Study Guides (238,281)
Canada (115,055)
LS 101 (35)

Law Notes- Final.docx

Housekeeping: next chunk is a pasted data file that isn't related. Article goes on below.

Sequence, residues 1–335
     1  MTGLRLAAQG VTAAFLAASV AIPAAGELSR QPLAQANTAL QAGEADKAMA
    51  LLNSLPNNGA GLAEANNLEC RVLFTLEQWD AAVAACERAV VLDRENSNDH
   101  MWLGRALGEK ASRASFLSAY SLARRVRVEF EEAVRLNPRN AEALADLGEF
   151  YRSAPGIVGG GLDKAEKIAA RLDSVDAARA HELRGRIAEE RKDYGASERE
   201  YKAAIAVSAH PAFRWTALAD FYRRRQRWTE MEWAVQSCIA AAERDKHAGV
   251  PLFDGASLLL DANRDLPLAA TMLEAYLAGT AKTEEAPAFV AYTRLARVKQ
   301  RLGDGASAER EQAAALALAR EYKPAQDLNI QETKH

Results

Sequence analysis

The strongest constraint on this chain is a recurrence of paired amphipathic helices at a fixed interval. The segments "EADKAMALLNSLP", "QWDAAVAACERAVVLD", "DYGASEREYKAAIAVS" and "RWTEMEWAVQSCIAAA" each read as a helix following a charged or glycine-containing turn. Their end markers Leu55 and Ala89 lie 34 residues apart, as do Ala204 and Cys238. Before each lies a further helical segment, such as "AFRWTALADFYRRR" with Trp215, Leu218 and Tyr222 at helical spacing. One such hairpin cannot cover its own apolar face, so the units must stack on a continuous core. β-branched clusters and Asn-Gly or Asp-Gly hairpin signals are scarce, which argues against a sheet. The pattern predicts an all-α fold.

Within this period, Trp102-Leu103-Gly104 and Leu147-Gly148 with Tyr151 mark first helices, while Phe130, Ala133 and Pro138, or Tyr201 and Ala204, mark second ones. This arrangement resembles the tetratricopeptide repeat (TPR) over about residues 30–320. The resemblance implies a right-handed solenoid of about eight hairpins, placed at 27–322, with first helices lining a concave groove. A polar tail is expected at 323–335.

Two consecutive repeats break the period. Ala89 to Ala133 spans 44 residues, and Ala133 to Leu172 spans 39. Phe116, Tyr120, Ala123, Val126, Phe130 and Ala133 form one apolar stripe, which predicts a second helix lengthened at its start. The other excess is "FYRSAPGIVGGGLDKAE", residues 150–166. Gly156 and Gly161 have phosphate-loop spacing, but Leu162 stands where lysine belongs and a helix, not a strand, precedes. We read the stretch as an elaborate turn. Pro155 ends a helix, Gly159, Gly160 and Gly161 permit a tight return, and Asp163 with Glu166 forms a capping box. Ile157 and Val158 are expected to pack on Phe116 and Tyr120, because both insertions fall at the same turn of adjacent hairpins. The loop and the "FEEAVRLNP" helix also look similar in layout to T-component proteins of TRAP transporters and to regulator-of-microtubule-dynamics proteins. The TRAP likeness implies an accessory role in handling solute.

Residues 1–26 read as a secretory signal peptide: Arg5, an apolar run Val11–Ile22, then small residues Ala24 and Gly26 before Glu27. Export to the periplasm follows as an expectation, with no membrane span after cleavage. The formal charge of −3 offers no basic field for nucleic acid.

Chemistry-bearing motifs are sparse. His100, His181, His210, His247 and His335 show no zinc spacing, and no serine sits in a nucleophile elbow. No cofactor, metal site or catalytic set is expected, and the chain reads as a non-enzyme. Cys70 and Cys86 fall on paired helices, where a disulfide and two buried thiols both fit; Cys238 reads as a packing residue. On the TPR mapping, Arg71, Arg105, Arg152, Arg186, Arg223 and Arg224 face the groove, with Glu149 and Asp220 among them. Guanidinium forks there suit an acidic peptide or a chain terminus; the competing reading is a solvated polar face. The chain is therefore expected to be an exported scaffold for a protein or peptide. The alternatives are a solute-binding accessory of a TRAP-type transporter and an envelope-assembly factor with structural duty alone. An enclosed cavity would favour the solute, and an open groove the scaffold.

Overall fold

22 Pages
Unlock Document

University of Waterloo
Legal Studies
LS 101
Frances Chapman